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We are over-collecting your hard-earned tax dollars.  We have to remember that government revenue is not government money but your money and we are taking more of it than we need to pay the bills and your priority issues.  I believe that a well-run government doesn’t need to collect more taxes.  It sends those dollars back to you so that you can grow and expand and that is the real growth of the middle class and the overall economy.

The three-member Revenue Estimating Conference held its fall meeting this afternoon.  Today’s meeting gives the panel the opportunity to revise their estimates for the current fiscal year (FY 23) and release their first detailed estimate for the upcoming fiscal year (FY 24).

Fiscal Year 2022 ended up with revenue much higher than what the panel had forecast in March.  For that year, the state took in $9803.4 into the General Fund.  This was $1 billion higher than Fiscal Year 2021 revenue and over $600 million higher than March’s projection.

For Fiscal Year 2023, the REC raised its revenue forecast from $9.156.4 billion to $9.5341 billion.  This is an increase of $377.8 million over March’s number.  When compared to FY 2022’s final revenue number, state revenue would be down 2.7 percent.  The reason state revenue would be lower in FY 23 is due to implementation of this year’s tax cuts, which go into effect on January 1, 2023.  LSA said the cuts will return $575 million to the taxpayers in FY 2023.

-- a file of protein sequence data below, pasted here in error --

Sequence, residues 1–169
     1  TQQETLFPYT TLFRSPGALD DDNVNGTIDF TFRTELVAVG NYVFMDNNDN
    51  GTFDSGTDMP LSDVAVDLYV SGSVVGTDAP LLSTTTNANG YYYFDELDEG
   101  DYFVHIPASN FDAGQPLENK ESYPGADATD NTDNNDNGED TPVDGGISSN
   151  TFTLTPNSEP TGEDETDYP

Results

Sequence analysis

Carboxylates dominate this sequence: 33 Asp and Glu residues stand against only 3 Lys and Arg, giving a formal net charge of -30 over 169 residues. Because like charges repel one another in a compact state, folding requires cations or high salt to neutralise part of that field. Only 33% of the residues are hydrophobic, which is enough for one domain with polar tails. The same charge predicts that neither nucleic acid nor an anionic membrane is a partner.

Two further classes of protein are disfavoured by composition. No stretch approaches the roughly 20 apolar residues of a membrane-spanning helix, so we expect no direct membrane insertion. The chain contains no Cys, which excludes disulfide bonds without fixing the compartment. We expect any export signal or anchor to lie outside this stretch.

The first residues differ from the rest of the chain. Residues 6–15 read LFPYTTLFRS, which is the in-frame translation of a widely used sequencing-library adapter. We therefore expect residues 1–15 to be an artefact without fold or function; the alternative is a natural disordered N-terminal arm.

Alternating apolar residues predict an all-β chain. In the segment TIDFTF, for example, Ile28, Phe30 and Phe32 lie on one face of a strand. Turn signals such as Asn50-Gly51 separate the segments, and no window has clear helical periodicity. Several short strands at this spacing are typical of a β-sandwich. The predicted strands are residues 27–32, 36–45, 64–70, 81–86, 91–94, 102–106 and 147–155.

For Fiscal Year 2024, the panel’s estimate is General Fund revenue of $9.5943 billion.  This would be an increase of 0.6 percent over the FY 23 estimate.  Again, the 2022 tax cuts have been factored into the forecast.  They will return an additional $450 million to Iowa taxpayers in FY 2024.

As for the Rebuild Iowa Infrastructure Fund, the REC slightly lowered its forecast for gaming revenue in FY 2023.  The panel set the expected revenue at $317.6 million, a reduction of $300,000 from March’s figure.  For FY 24, the initial forecast for gaming revenue is $301.7 million.  The drop would likely be due to the continued phaseout of the tax on promotional play and the expected impact of casinos opening up in Nebraska.

We will have more information about the REC’s view of Iowa’s economy and balance sheet in next week’s newsletter.  If you have any questions, please let me know.

Author: John Wills


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